“I think I have been able to identify all of the significant points I noted, but they are not lined up as they should be. It is of course true that when observed from a different angle the shapes are slightly different, but I am very confident. I am also sure that this track is still heading in the right direction. You know it is beginning to look as though this track was originally created to access the place we are looking for!”
By mid afternoon they had reached the end of the track. It stopped in mid air. They were faced with a sheer drop of more than one hundred feet. Just before the precipice, the track was covered with rubble from a slip of granular limestone. Again they prepared a campsite and lit a fire.
Thierry and John both climbed the cliff above the track until they found a position where they could see the surrounding countryside. Thierry made compass measurements and compared what he saw with his sketches. In a voice, which conveyed both excitement and disappointment, he pronounced himself satisfied that this was indeed the spot.
“The shapes of the hills are not identical to the shapes on the map at Mazerou but that can be explained by the uneven growth of trees. I am sure however that this is the correct spot. But what is there here? Nothing!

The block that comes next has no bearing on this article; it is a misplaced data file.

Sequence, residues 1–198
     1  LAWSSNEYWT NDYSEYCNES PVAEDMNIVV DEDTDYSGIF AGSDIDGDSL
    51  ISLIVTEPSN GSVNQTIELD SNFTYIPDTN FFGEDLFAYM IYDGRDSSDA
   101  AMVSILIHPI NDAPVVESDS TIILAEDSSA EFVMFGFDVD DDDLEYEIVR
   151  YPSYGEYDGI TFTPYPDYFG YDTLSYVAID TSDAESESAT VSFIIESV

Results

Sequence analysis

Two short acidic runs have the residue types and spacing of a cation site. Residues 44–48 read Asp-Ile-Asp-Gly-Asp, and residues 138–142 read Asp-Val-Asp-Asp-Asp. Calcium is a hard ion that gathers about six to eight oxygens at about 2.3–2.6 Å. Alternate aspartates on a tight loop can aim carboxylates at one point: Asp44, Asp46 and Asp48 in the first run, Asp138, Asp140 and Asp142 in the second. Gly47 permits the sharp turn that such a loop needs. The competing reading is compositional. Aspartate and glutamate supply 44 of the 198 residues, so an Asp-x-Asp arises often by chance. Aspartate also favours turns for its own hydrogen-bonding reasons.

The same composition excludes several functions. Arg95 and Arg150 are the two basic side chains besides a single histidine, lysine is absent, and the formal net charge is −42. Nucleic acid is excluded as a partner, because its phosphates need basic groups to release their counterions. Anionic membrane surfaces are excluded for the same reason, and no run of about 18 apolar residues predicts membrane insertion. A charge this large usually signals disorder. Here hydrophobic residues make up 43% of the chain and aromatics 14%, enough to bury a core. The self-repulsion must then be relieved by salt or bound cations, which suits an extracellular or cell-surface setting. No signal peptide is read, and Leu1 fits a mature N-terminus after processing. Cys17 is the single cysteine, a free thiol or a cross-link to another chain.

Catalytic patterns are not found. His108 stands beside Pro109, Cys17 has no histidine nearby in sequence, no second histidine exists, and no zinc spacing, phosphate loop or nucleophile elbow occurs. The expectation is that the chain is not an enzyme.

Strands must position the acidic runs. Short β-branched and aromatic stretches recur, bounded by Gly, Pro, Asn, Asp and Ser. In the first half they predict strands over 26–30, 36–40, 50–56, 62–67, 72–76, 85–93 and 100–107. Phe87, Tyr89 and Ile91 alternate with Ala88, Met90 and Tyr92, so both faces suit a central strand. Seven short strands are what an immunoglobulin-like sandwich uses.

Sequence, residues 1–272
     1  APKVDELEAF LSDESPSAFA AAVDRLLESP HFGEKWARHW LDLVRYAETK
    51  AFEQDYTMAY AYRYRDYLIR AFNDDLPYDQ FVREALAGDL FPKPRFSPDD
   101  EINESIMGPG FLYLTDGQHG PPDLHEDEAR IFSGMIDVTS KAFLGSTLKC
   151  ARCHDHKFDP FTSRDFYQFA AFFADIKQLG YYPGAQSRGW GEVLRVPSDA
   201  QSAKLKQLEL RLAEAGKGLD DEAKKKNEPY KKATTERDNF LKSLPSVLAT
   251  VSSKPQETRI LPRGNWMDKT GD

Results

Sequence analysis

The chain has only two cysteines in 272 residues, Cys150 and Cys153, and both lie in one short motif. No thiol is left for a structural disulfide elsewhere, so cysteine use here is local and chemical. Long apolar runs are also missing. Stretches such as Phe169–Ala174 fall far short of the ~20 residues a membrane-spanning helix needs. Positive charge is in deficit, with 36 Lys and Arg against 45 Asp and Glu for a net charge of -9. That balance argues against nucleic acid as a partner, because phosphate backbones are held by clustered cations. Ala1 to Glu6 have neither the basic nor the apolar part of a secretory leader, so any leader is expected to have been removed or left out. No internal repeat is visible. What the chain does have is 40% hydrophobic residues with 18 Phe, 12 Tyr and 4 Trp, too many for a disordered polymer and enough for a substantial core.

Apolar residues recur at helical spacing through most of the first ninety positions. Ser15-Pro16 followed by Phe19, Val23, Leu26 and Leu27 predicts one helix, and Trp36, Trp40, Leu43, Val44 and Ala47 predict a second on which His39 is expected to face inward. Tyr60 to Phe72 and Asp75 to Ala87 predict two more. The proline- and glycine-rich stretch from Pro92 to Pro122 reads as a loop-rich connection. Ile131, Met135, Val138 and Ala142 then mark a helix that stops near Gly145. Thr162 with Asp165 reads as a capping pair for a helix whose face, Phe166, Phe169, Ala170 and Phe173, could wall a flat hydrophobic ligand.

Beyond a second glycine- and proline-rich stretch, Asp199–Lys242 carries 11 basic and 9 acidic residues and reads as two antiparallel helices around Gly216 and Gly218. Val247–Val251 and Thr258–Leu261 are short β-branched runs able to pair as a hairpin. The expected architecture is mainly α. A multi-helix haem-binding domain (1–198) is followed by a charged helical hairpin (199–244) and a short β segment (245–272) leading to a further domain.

Meanwhile on the path beneath Estevan was exploring the minor landslide. He spoke to Ximene in an exited tone of voice. ‘In the whole of our climb, I did not see another landslip, what could have caused one at this spot?’
Estevan commenced an examination of the loose rock at the side of the path. Within seconds he was tearing at the pile of rubble with his bare hands.
‘Just look at this!’ he shouted over his shoulder. ‘The landslip camouflages the fact that there is a huge rock here. Look at the rock! It has been roughly hewn to be in the shape of a huge ball!’
Thierry and John hurriedly scrambled down to the path where Ximene was waiting for them. Estevan rose from his scrabbling.
‘Look at this! Look at this! After that boulder was rolled into place the rock face would have been dislodged further up so that the rubble camouflaged the shape of the hewn rock. I think this is probably it! I think we have found the target.’
All four of them cheered with excitement and they hugged each other. John watched as Ximene and Thierry danced around holding hands. Was she being won over by the skills he displayed, by his commitment to her cause or simply because he was an unbelievably attractive man! He made no comment. At this moment Thierry was a vital member of a very small team!